After Italy’s stifling heat, stepping off the plane to Montenegro’s warm but comfortable sunshine is a welcome surprise. I exit the airport to a chorus of men trying to catch my attention shouting, “Taxi! Taxi!” I need a taxi to take me to the bus station for the 90-minute ride from Podgorica to Kotor. I follow the sign for “Official Taxi” and am assaulted by cries of “Lady, I speak Russian and English, I take you anywhere you want to go!” I set my sights on one particular driver. No telling what it is that makes me pick him, but he has an air of competence. He seems disappointed that I’m only going to the bus stop and I think he may be trying to pawn me off on another driver.
Aki is his name, short for Aleksander. His English is spotty at best, but I speak no Montenegran at all (really it’s Croatian, but they don’t like to hear that), so he’s responsible for our communication. He pulls into a gas station and says, “Coca? Fanta? Aqua?” For me, I ask? “Yes, of course!” he responds. I go with the water, realizing I might miss my bus because of this unexpected stop. He returns with my water and tells me it’s 15 Euro to the bus stop. I know the bus will cost me another 25 Euro, so his offer of 65 Euro all the way to Kotor starts to sound pretty good. “I take you to final destination,” he says. “No problems for you.” Sold. Call me a sucker, but it ends up being a great decision.
I look up to see myself surrounded by amazing mountains and small houses with red tile roofs. I breathe in and it smells like dried grass baking in the sun. We pass signs for towns I can’t pronounce as we start climbing. I’ve done no research on Kotor or Montenegro, just picking it randomly from a photo I saw on Twitter, so I have no idea what to expect here. Kotor is very nice, Aki tells me. “You stay five days, ten days, very happy.” We pass a calm, pretty river and he spews its name too fast for me to catch. Cigarette in one hand and phone in the other, Aki still manages to shift gears and take the twisting curves like a boss. Even a year ago it would freak me out to be in a car with a strange man in a strange country with no common language between us. Today it’s fun. I feel very alive in Aki’s car, perhaps because I might not be for long.
These mountains must be what puts the “monte” in Montenegro. Aki points out a sign for Vranac and indicates with a mock swig of a bottle that this is wine country. A second later we see a roadside wine stand. “You see?” he says, grinning at me in the rearview. “Vino here!” Eyes on the road, buddy. Letting him drive me feels like a good deed and he’s clearly enjoying himself. Montenegro hasn’t yet made it onto the tourist map so it’s a hard living being a taxi driver. He goes above and beyond to give me a great ride, sharing tidbits about places we pass and stopping at every pretty view so I can take pictures.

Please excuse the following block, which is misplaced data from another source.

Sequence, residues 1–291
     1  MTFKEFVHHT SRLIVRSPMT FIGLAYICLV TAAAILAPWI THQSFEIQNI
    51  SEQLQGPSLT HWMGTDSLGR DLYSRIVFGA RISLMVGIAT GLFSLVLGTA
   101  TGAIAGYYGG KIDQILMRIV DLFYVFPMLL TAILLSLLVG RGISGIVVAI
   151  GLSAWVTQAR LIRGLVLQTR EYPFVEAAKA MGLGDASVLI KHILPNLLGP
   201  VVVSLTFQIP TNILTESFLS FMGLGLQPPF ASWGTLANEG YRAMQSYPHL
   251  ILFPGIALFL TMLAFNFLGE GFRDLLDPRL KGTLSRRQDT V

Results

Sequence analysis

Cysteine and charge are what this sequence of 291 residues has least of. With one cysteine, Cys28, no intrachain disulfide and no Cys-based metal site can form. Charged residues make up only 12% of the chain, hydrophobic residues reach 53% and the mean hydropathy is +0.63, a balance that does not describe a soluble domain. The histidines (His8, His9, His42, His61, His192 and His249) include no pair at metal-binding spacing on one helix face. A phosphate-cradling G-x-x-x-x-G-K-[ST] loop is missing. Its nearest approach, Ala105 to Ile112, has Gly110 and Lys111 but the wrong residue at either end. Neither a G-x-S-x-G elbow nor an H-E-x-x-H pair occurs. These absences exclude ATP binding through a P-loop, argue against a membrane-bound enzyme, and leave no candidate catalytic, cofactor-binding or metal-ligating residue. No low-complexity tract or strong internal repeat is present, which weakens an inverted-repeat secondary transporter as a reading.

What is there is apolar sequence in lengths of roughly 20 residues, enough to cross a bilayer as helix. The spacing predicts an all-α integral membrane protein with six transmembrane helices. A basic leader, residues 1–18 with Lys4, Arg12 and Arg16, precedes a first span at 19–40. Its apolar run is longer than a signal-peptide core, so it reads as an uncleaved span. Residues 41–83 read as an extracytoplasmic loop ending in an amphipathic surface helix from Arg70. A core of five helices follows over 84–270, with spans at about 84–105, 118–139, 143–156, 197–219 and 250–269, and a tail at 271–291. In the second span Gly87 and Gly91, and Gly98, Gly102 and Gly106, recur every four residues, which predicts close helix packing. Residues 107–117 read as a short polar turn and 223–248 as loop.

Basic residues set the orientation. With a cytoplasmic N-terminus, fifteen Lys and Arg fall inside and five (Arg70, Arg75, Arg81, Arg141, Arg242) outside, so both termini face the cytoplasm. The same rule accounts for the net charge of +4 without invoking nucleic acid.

This is a beautiful country, and within minutes I know I want to come back and bring my husband. He’ll love the mountains and lakes with all the hiking and fishing they promise. It reminds me of California as we wind through the mountains, and I don’t change my mind when we hit the Adriatic coast, which is the exact twin of Highway 1 running up the California coast.
Aki keeps up a running dialog as he drives, and even with him using his hands to make a point I still only understand one out of every ten or twenty words. It sounds like he’s saying Sweaty Steppa and later I realize we’re about to pass Sveti Stefan, a pretty outpost in the water.
Budva is a party town, he tells me, and although it’s pretty from a distance I hate its crowds of tourists once we get there. “You like Kotor, I promise,” he tells me. He has a brother living in Kotor so he knows it well.
As we pull into Kotor I’m awed by the bay protected by huge mountains. The cruise ship parked there reminds me of Juneau, Alaska. Aki rattles off another stream of words in Montenegran, ending with an “Okay?” and a nod at me in the mirror. “Okay,” I say. I have no idea what I just agreed to but it had vino and 8:00 in it. Ends up I’ve just accepted an invitation to dinner with his brother’s family two nights from now. That kind of life experience won’t happen on a bus full of tourists.
Have you been to Montenegro? What was your favorite part?